What's The Difference?
Montessori and traditional schooling share the goal of helping the child learn; however, they strive to achieve this goal in very different ways. The kind of learning experiences each school provides and the methods they use are quite different. Montessori educators believe these differences are important because they help shape what a child learns, his work habits, and his attitudes toward himself and the world around him.

Montessori vs. Traditional

Montessori

Emphasis on Cognitive and
Social Development

Teacher has guiding role

Environment and method encourage
self-discipline

Mainly individual instruction

Mixed age groups

Grouping encourages children to
teach and collaborate

Child chooses own work

Child discovers concepts from
self-teaching materials

Child is allocated time to work on
and complete lesson

Child sets own learning pace

Child spots own errors from
feedback of material

Child reinforces own learning by repetition of work and internal
feelings of success

Child can work where he chooses,
move about and talk at will
(yet not disturb work of others).
Group work usually voluntary

The program for learning care of self and environment is organized around multi-sensory materials

Traditional

Emphasis on Rote Learning and
Social Behavior

Teacher controls classroom

Teacher acts as primary enforcer
of discipline

Mainly group instruction

Same age groups

Teaching is done by teacher; collaboration is discouraged

Teacher assigns work for child

Child is guided to concepts
by teacher

Child generally allotted specific
time for work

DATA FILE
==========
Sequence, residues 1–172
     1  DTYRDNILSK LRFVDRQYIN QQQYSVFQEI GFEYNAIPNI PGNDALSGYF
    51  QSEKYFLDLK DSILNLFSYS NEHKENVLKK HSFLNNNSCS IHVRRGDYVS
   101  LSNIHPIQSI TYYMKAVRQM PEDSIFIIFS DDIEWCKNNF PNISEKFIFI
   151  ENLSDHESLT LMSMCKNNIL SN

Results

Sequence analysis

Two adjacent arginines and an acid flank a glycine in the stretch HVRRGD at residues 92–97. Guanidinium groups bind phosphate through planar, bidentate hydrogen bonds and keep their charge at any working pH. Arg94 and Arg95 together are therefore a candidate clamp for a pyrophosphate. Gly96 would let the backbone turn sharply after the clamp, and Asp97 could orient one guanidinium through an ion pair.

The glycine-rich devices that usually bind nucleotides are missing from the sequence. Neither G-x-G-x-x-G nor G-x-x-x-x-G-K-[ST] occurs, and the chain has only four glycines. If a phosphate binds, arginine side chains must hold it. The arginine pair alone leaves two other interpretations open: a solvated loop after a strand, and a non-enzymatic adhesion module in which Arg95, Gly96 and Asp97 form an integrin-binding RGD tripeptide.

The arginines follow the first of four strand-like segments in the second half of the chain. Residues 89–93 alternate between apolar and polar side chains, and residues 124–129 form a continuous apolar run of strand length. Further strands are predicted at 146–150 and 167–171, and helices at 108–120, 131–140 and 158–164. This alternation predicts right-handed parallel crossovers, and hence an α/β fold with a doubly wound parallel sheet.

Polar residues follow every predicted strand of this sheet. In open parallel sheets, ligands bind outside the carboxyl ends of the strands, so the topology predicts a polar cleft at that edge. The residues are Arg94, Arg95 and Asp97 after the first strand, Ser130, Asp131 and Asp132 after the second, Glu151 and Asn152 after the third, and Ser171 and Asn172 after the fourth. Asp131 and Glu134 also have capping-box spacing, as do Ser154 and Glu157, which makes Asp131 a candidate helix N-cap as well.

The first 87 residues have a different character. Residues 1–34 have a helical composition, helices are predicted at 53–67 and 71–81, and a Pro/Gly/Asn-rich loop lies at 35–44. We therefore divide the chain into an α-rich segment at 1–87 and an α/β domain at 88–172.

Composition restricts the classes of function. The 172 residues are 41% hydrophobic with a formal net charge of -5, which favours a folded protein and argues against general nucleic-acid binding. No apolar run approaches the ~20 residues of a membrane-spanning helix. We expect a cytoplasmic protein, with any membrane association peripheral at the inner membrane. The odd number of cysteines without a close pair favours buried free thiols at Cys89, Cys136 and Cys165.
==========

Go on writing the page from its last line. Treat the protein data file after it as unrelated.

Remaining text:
Instruction pace set by group

Errors in child's work highlighted
by teacher

Learning is reinforced externally
by repetition, rewards and
punishment

Child usually assigned seat;
required to participate during
group lessons


No organized program for
self-care instruction - left primarily
up to parents

Although we have both small-group and whole-class activities, the heart of our program is individualized, one-to-one presentations by the Montessori Certified Teacher. The Montessori Teacher observes the progress of each child and is able to tailor her presentations to fit the child. Because our Montessori teachers are trained for and committed to individualized teaching, they can ensure that the pace is appropriate for every child. Thus, a child who is ready and eager to move on to a new challenge does not have to wait for other children to be ready for the same thing. Likewise, a child who needs a little extra time to master a concept or skill can have that extra time without feeling any stress or pressure.

The Montessori rooms are spacious, attractive, orderly, and filled with a marvelous abundance of beautiful educational materials, most of which were designed by Dr. Maria Montessori herself. These are materials which have been "child-tested" by the children of many countries over many years. The materials have been repeatedly demonstrated to be both appealing to the children and helpful in their development.


Mary Theresa Anderson and Dr. James B. Anderson opened their first school in St. Cloud in 1968 because they wanted their own three young children to have the opportunity for a Montessori foundation. The schools are operated as independent private schools with a Christian orientation.


Visitors are welcome at all our schools.
It’s a great way for you to see the benefits of Montessori first hand.
Please call for an appointment.